‘I hope this is the last time we are going to move,’ I told my husband last summer, when we were trying to decide between England and the US as the place where he would accept the ‘permanent-sounding’ job offer.
‘You know, our children don’t have a sense of home,’ he agreed. ‘They go to school in France, have American passports, they are half Italian, half Romanian, Stefano was born in England, Alisa in Switzerland…’
Stefano interrupted, ‘But Mommy, I am half-English!’
‘Well, once we settle some place and buy a house, the rest will come naturally. We just need to give them stability.’ I tried to sound confident.
‘I like this house,’ jumped in our four-year old: ‘We stay here.’
‘No’, I argued, ‘we will buy a nice house, this way we won’t have to deal with this awful leaking ceiling in the kitchen. And we could explore America! How about that?’
How do you give children a sense of home? I am a political refugee from Ceausescu’s Romania. When I was a child I helped my parents build our own house. We had trees, flowers, and a kitchen garden. We had neighbors, friends, cousins, grandparents and our priest with his own wobbling cantor. When my father protested against communism, he was incarcerated. The rest of us became prisoners in our house, where we lived under continuous surveillance for years.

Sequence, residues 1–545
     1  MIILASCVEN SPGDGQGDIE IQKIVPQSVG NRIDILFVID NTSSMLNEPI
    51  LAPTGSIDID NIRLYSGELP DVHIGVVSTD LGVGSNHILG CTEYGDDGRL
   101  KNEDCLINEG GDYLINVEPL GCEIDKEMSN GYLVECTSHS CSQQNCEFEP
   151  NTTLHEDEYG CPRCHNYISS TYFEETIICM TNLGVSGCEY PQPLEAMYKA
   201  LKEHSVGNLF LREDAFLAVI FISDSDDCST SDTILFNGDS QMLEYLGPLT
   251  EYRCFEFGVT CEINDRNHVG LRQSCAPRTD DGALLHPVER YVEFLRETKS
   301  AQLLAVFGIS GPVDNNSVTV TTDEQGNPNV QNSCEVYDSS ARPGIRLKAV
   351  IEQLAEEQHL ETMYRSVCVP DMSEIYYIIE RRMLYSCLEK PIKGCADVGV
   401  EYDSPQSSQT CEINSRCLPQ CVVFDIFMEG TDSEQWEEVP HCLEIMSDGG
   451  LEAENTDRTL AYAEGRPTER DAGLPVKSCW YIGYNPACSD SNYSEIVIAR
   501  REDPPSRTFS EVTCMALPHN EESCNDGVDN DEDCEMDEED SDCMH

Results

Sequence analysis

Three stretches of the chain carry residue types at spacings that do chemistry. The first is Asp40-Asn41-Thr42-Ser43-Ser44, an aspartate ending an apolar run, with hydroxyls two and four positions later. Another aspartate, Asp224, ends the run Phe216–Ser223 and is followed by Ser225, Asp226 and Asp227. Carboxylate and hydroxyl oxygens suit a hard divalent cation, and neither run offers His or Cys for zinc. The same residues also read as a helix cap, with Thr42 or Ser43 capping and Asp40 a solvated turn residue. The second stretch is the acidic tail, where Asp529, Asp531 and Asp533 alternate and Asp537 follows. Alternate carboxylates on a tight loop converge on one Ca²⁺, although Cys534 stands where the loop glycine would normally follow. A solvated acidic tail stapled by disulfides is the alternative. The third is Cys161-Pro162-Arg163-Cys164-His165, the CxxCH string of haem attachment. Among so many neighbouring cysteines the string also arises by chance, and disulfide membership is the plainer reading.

After Dad was released from prison, we sought political asylum in the US. We were welcomed by people of good will in Michigan. My parents and siblings settled there. They bought houses and built a church with the Romanian community in Grand Rapids: Mom and Dad put up the church doors. Yet for me the rupture was so deep I never felt at home anywhere, though I have felt privileged to experience each place where I have lived since.
After leaving my native country, I began thinking of myself as a traveler who is one with the road. I fought the need to have one place that is deeply mine. When I met Alessandro in Oxford we embraced our cultural differences and cherished the comfort of our similarities. We have lived in several countries and with the research careers being more temporary than ever, moving is a part of life. We’ve become academic migrants. I am enjoying a sort of post-exilic state of mind, and our children were born on the move, as it were.